Now, the problem is in that he’s rubbing himself against the very same grasses he has previously . . . uh . . . watered.  Fortunately, he has the wisdom not to water and rub in the same place.  He wants to leave his scent behind, not carry it off on himself.  However, as I mentioned, we walk the park 3 times a day.  He doesn’t really keep track of where he “watered” on the previous walk.  As such, we sometimes return from walks with a slightly smelly dog, but at least not a wet one.

In any case, a handful of seed heads from these grasses had fallen onto the sidewalk.  Since those still attached to the grass were blowing around a rates of speed that just weren’t going to work for a macro shot, I set up my tripod and camera so the lens was pointed down and directly over the seed heads on the sidewalk.  No sooner than I got completely set up, my four-legged photographer’s assistant decided to stand on my subject.

So, for this particular shot, I arranged the seed heads.  I picked up one strip of seed heads along with a dark brown dead leaf and laid them down on the sidewalk where Tisen wouldn’t step on them.

They look better against the dark brown leaf than they would have on the gray sidewalk, so I guess Tisen really was assisting.  At least he didn’t eat them.

Tisen is actually a very good assistant.  Most of the time.  He patiently waits while I shoot.  He usually doesn’t walk on the subject unless it’s for a good reason.  And, he makes me feel perfectly safe walking around a park late on a winter afternoon carrying my equipment.

To tell the truth, I’ve always thought my gear would make a pretty good weapon in a worst case scenario, but I feel like I won’t have to risk damaging my camera with Tisen around.  Although, I’m not sure how seriously people take him as a protector when he’s carrying his yellow duck in his mouth.

Adoption Day

Every time we take in a stray animal, we enter into the search for owners hopeful that we’ll find a happy place for the cat or dog quickly. There are reasons for this.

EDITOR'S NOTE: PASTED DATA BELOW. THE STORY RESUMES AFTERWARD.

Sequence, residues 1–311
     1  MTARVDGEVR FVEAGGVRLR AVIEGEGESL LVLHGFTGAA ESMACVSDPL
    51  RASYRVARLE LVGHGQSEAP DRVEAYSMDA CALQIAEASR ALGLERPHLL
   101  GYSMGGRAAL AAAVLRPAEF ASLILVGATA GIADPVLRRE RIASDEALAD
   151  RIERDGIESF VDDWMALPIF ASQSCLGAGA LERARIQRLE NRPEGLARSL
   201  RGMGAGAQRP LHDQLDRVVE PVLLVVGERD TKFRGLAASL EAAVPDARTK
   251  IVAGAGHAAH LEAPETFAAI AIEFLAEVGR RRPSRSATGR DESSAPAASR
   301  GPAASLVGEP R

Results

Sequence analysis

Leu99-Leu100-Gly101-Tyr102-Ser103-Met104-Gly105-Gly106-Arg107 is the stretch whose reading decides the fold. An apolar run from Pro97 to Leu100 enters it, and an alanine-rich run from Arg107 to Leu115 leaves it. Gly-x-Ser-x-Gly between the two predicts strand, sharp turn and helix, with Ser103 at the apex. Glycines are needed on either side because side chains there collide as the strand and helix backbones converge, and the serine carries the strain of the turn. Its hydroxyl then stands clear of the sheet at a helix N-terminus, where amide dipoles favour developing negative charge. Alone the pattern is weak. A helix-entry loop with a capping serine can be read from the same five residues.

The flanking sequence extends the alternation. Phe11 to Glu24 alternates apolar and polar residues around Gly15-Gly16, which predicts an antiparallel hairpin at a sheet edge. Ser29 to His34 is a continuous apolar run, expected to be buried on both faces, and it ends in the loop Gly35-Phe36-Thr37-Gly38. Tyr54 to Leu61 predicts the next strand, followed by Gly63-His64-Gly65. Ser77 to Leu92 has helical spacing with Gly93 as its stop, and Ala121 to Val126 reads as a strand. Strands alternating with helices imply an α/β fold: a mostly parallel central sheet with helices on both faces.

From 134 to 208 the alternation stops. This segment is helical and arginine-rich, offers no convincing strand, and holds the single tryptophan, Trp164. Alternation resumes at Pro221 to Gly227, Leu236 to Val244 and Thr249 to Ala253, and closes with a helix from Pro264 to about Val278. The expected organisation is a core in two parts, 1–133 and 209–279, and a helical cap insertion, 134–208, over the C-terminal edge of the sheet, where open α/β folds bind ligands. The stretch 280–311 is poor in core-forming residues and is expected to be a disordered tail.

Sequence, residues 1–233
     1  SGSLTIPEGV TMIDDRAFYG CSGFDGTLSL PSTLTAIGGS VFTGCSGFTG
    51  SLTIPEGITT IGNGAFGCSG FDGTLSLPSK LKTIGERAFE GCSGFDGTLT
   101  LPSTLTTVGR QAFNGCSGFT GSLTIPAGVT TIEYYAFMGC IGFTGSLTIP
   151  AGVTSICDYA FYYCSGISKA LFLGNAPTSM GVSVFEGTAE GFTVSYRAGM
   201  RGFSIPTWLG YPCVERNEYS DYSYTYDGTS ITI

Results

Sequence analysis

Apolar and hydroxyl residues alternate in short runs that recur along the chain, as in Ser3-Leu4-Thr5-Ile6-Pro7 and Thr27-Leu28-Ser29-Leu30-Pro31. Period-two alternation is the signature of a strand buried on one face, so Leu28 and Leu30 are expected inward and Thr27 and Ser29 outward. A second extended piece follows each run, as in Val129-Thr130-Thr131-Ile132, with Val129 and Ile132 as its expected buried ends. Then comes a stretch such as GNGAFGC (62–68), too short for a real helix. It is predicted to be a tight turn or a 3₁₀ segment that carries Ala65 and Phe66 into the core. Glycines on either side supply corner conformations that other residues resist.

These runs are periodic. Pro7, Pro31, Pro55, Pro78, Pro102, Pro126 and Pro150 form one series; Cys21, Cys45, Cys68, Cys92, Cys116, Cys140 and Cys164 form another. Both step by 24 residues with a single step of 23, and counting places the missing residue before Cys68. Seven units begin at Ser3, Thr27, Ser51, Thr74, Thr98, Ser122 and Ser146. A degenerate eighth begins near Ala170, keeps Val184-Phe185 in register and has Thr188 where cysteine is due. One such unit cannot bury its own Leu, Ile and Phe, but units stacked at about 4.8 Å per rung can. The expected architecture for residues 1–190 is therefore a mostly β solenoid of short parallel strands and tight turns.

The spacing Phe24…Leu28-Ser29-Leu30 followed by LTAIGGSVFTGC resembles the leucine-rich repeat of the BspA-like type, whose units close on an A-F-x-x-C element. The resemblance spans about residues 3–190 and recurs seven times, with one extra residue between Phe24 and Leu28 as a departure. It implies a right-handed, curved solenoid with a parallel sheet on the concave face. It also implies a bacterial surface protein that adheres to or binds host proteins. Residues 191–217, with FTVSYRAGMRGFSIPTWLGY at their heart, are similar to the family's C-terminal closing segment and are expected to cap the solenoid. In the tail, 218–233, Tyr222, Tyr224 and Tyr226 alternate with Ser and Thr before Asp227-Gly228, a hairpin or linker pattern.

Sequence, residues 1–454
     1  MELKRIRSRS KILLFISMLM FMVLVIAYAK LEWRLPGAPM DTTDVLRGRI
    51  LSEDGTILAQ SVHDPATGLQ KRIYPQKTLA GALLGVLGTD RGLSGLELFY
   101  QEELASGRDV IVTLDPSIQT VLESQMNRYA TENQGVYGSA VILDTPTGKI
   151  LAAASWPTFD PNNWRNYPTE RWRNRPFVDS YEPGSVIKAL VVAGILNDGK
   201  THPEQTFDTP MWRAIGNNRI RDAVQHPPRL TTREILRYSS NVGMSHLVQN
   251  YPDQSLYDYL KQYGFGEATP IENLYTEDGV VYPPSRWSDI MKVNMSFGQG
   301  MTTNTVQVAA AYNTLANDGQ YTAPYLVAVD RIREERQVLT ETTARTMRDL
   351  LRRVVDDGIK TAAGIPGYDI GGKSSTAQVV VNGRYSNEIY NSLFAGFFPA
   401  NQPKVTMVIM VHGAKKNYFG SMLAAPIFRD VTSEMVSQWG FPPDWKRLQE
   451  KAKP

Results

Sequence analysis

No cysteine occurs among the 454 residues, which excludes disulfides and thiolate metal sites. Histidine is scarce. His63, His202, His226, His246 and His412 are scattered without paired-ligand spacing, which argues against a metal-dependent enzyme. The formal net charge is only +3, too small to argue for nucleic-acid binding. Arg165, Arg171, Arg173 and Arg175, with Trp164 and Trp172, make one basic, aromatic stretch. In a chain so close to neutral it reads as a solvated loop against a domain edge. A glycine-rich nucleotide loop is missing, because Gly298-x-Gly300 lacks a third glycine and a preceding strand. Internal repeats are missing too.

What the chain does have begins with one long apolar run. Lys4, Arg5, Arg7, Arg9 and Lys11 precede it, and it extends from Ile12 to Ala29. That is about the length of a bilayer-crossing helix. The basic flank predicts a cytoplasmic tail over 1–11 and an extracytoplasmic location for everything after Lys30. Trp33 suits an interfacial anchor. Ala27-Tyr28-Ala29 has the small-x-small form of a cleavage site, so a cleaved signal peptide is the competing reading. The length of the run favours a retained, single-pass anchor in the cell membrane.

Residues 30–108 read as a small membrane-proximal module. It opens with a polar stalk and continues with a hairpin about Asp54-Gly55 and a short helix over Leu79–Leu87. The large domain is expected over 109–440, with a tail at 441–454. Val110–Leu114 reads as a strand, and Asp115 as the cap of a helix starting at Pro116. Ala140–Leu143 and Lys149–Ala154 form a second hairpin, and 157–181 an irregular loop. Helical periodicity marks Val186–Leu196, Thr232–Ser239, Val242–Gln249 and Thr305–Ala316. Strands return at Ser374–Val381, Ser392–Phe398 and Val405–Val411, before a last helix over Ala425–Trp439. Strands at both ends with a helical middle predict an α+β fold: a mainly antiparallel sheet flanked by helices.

First, let’s face it, animals that have been abandoned have often been abandoned because they lived with people who didn’t know how to train them and they’ve developed bad habits. While I enjoy training dogs (I don’t even try with cats), habits that disrupt my sleep wear on me quickly.

Second, there is an attachment factor. The more time I spend figuring out the particular quirks of a particular dog and how to work with them successfully, the more I get to know them, the better they start to behave, the more I feel like we’re working together as a team, the more attached I get. I’ve found there is an interesting pattern in the relationship that goes something like this:

I’m not sure what canine instinct makes a stray dog behave like the best dog ever at first. It’s as if they know to be cute enough to rope you into keeping them.

The dogs themselves seem to start out feeling complete adoration towards us plus nervousness about being in a new situation. Then, as they lose their nervousness and increase their confidence, they also let their guard down much the way a human might be the most polite person to a perfect stranger and then turn around and snap at a cherished family member.

By the time the dog really feels at home, I feel the frustration that led to their abandonment. When all the bad habits surface, I know it’s time to crank up the training.

With Rex, we had run into a few bad habits–he ate both our power supplies for our laptops, so if I don’t post tomorrow, my battery died. 🙂 But really, he was just completely lacking in training.

Sitting on the bench at the adoption center while Rex’s new parents filled out paperwork, he came and laid his head in my lap. I petted him and talked to him quietly. Then, his new dad came over and sat down on a nearby bench and Rex walked over to him and laid his head in his lap. His new dad leaned down with his face close to Rex’s, stroking his ears and looking at him with the kind of wonder parents show newborns. It was obvious that this man was in love with Rex.

This man struck me as the embodiment of calm. His wife was sweet, too, although I suspect she’s a little higher strung, like me. But the bonding that was taking place right in front of me between Rex and his new dad was what gave me confidence that Rex was going to a good home.

But you know what? I’m still sad.